The 7 Most Widespread Financial Rip-Offs

By John Persinos
October 29, 2010

Not every scam is like the complicated set-up in The Sting.

Con jobs can nickel and dime you over time, like the slow leak of management fees from a long-term buy and hold retirement account. Or they can wallop you at the most inopportune moment, like when an overdrawn account turns a $1.50 bottle of water into a $36.50 bottle of water.

Brokers, bankers and card issuers are supposed to work for you, not against you. And yet they're not above perpetrating a host of scams, some outright illegal, and others within the law but unethical.

Luckily, you can learn to spot the scams. Here are seven of the most common ways the people you thought you could trust are picking your pocket:

Soaking Existing Bank Customers

Are you a long-time customer of your bank? If so, there's a good chance they're taking your loyalty for granted by overcharging you -- and then using the profits to lure new customers with lower rates.

Whether by charging you higher fees for checking or transactions or paying you lower interest rates on savings accounts, many banks milk existing clientele to subsidize incentives for new customers. Compare what you're paying to what your bank is offering newbies. If there's a large difference, switch banks.

Dodgy Interest Calculations

Most credit card holders don't know this, but there are many ways a card issuer can calculate interest owed. One of the nastiest little tricks, hidden in the fine print, is to use a late payment as a reason to jettison the interest-free period for new purchase transactions and then calculate the interest as far back as the original purchase date.

Another sneaky maneuver is to charge daily interest on the full purchase amount even if partially repaid on deadline. Read the fine print on your credit card statement. If the contract allows the card company to get away with either of these schemes, cancel your card and look for one that only charges interest from the date the new statement was produced.

Major Penalties for Minor Infractions

Penalties and fees have become a politically charged issue, with proposals in Congress to clamp down on abuses. Card issuers, banks, credit unions and other financial institutions charge penalties when you overdraw your account, fall beneath a mandatory minimum balance for debit purchases or commit some other relatively minor and usually inadvertent violations of the rules.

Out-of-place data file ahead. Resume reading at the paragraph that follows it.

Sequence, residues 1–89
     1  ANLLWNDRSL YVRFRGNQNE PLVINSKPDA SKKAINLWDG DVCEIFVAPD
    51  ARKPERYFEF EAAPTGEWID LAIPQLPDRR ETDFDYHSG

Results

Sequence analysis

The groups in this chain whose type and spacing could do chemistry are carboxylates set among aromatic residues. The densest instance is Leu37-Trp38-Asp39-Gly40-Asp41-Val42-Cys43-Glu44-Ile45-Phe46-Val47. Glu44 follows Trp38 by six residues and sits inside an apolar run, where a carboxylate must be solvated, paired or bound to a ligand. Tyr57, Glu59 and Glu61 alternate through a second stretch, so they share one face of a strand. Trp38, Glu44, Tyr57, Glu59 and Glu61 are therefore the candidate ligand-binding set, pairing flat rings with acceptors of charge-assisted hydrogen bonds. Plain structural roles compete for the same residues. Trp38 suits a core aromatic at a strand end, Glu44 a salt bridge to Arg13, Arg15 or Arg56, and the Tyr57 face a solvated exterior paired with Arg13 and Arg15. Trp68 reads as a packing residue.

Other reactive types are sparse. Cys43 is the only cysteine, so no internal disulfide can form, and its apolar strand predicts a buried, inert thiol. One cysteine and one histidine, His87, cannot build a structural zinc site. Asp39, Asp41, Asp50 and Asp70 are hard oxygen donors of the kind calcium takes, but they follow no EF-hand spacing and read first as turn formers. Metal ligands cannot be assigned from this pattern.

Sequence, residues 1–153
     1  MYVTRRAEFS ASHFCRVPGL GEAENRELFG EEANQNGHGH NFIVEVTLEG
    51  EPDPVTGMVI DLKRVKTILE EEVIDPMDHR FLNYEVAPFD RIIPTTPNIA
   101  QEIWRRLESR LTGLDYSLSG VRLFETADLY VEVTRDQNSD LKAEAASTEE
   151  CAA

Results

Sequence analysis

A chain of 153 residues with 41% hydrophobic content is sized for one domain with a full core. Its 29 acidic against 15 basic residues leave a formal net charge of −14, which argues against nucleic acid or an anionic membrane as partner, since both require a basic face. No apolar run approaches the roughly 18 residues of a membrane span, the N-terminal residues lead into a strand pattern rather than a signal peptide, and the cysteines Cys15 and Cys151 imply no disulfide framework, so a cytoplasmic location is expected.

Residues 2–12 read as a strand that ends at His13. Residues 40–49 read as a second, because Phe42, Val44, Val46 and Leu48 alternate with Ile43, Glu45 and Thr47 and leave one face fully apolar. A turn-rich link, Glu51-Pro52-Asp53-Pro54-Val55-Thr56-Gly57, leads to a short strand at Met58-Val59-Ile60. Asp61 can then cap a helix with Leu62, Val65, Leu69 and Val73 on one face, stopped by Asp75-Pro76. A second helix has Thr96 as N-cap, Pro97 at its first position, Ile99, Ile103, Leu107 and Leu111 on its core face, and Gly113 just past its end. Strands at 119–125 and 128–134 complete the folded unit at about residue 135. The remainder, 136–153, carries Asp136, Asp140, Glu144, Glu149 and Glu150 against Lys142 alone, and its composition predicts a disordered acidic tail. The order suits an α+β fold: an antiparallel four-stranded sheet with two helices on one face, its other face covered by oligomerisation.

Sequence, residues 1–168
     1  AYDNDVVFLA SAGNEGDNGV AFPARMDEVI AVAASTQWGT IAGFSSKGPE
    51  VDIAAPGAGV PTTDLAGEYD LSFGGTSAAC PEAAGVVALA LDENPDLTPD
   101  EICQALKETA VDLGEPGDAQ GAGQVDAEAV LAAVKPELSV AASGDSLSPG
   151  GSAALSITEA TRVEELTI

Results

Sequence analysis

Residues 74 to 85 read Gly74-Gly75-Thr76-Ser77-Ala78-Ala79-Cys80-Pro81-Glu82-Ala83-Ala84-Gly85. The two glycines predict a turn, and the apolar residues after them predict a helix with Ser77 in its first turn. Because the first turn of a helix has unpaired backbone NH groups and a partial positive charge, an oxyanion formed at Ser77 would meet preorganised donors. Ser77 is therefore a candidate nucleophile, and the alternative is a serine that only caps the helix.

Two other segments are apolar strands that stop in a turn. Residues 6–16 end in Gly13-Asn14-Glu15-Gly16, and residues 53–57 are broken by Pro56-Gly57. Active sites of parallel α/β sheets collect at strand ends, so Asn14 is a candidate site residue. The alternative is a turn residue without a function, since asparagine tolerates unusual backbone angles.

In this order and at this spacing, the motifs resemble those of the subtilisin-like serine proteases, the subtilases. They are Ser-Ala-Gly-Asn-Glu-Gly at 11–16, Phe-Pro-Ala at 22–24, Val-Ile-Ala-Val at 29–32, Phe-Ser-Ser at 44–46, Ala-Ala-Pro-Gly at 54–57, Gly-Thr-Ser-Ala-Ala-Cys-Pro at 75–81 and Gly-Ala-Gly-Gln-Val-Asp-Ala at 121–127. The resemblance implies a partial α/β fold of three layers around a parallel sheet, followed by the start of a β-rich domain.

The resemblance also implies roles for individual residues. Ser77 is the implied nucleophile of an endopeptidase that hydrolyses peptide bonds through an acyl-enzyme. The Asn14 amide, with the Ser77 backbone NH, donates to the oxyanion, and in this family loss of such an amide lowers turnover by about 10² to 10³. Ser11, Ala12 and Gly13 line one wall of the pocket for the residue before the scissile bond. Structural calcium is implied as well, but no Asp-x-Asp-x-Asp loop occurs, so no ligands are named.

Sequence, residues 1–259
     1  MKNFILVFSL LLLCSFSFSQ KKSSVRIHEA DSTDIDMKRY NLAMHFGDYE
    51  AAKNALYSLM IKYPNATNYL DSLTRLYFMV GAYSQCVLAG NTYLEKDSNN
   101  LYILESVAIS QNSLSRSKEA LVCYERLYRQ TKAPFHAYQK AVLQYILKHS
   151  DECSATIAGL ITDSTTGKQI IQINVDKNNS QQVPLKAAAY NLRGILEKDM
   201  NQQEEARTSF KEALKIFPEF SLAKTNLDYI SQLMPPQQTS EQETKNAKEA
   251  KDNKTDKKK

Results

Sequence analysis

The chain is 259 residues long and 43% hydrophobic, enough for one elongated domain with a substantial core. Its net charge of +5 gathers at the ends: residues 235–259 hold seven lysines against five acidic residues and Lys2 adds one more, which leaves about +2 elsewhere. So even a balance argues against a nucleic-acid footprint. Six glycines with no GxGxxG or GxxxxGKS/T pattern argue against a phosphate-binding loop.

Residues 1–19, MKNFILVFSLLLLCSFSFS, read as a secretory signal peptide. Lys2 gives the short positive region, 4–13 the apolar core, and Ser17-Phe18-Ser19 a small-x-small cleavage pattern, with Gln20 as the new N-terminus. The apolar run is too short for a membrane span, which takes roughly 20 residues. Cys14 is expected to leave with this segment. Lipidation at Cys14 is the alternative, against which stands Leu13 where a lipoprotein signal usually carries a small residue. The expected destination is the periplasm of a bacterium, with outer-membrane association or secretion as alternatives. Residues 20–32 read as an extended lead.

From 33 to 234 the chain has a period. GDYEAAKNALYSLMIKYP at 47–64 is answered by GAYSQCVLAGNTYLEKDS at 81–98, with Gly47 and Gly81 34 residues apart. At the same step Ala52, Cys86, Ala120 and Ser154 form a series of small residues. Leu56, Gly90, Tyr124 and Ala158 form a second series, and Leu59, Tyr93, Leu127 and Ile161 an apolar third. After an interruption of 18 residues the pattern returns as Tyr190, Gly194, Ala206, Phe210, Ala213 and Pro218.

Late payment fees, overdraft fees and other penalties have skyrocketed, resulting in a windfall of billions for financial institutions. The solution: scrupulously balance your accounts and always pay your bills on time. You can also opt out of your bank's "overdraft protection plan." It will save you from hefty fees as long as you're willing to accept the risk your card will be declined if there's not enough cash in your account to cover a charge.

#-ad_banner_2-#Excessive Retirement Account Fees

Average workers hang onto their 401(k) accounts for decades, following a "buy and hold" strategy that puts their plans on automatic pilot. Problem is, some 401(k) brokers charge exorbitant fees every year for performing almost no work. Over time, these high fees can deplete a large amount of money from your nest egg.

A common retirement plan rip-off: Unnecessary fees, such as for routine record-keeping, are assessed as a flat percentage of total assets. That means as your savings grow, more money is siphoned away from your fund despite the fact you're not benefiting from additional services. Again, read the fine print.

Stockbroker Churning

In addition to the obvious scam of charging excessive commission rates, stockbrokers can pump up their take-home pay (and deflate your brokerage account balance) through excessive trading, known as "churning". Brokers can be motivated to make a lot of trades because each one generates a commission, and they get to keep those commissions whether you buy or sell, or whether you make money or lose it. If your broker has discretion to trade your account, keep an eye on the activity.

Shady Mortgage Brokers

After reading newspaper accounts of the mortgage industry these days, you might think to yourself, "Dodgy mortgage brokers? Are there any other kind?" Well, actually, yes. It may require an almost Herculean effort, but you can still find an honest broker out there.

But here's a classic and increasingly prevalent scam perpetrated by the dishonest mortgage broker: Certain brokers operate in tandem with debt collectors to refinance debt-plagued individuals and families until the spending and debt consumes all of the home equity and additional refinancing is impossible. They pick the bones clean and then walk away.

An effective way to protect yourself is to look online, for unbiased and objective consumer reviews of mortgage brokers. The dodgy ones are likely to be flagged with complaints. Here's a reputable place to start your search: http://www.usamortgagecompanies.com/reviews.

Currency Exchange at Airports and Hotels

Sure, currency transactions at airports and hotels is easy and convenient, especially when the kiosks or booths are located in plain sight, right in your path, when you're staggering around with jet lag. However, the commissions at the convenient locations tend to be ridiculously high.

Before settling on a choice, go online to calculate what you'll get charged in transaction costs. Here's a tip: credit cards tend to offer the most attractive exchange rates, because card companies have up-to-the-minute access to the best rates.

Unfortunately, these rip-offs aren't the only way you're being targeted. So read on to see why, in almost every situation, you should save your money and say "no" to these Five Financial Products That Are Absolutely Worthless.